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Treana Moniz is a driver and also a driver mentor for Bison Transport.

How you train affects how you attract women to transportation

Women trained by experienced female drivers are finding more success in trucking than those in 'gender blind' training.

Editor’s note: This is the third part in a series on women working in trucking and how fleets are welcoming them to the industry. Read Part 1 and Part 2.

Women In Trucking research has shown that 83% of women come into the industry because of a family member or friend. 

Ingrid Brown was first exposed to the trucking industry through her grandfather, who was a truck driver, and her father, who owned a road construction company. Brown started by learning to drive dump trucks and heavy equipment. She bought her first truck in 1979 and now hauls everything from reefers to livestock trailers for Rabbit River, based in Holland, MI. 

Treana Moniz got interested in driving while in high school but didn’t enter the industry until later in life. She has been driving since 2007,  joining Bison Transport in 2013.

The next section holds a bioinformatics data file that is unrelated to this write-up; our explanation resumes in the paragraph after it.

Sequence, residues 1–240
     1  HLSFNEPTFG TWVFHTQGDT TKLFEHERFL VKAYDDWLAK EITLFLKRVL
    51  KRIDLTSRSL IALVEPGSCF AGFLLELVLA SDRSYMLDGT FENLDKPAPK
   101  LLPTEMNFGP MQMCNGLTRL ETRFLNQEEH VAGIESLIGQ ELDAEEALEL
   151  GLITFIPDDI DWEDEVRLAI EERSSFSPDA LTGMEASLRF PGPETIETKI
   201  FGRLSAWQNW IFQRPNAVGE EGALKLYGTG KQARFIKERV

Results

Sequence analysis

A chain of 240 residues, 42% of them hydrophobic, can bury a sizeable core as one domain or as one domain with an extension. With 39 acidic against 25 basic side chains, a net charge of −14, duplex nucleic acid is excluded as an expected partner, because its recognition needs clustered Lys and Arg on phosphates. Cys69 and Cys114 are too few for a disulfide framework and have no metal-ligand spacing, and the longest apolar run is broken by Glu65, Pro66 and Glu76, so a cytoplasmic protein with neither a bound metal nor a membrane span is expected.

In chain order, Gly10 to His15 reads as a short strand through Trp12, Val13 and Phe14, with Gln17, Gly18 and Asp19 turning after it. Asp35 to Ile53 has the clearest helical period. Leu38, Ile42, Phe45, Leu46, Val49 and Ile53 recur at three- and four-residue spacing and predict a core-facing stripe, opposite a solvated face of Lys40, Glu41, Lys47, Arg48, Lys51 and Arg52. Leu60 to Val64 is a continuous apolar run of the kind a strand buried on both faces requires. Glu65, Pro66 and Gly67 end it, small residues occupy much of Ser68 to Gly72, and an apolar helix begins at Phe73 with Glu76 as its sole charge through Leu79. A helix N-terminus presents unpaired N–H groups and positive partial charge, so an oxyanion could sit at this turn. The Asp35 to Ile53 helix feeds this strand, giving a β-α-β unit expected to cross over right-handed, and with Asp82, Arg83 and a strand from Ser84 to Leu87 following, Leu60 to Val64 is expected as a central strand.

“I met a truck driver at the restaurant where I was a waitress. We started dating, and he found I was very interested in trucking,” she said. After running as a team for about five years, “our relationship ended, but I wasn’t ready to give up trucking. I went out on my own and was hired by another company.”

Challenges still exist

Women still face challenges. Voie said training can cause concern for women if they are asked to share a sleeper cab with a male co-worker. “I have a hard time with our training situation and how we mix men and women in the cab together and try to be gender blind. It just doesn’t work,” said Ellen Voie, founder of the Women In Trucking Association

Lone Star Transportation, for example, has a company-owned lodging facility in a fenced location where new drivers stay during training. 

“Every driver stays in a comfortable private room with a bathroom and Wi-Fi,” Williams said, adding that drivers’ significant others are welcome to stay as well. “We know this is a family job. We invite them to bring their spouses so they can see who we are, what we value, and how much we appreciate them.”

When drivers take part in securement and road training, they ride with an experienced driver of the same sex during the day, and at night stay in a hotel or the company lodging. “We’ve gotten a lot of traction from our efforts. We’ve hired three women in the past five months. All of them have said the mentor securement training has been fabulous,” Williams said.

This is the third part in a series on women working in trucking and how fleets are welcoming them to the industry. Read Part 1 and Part 2.

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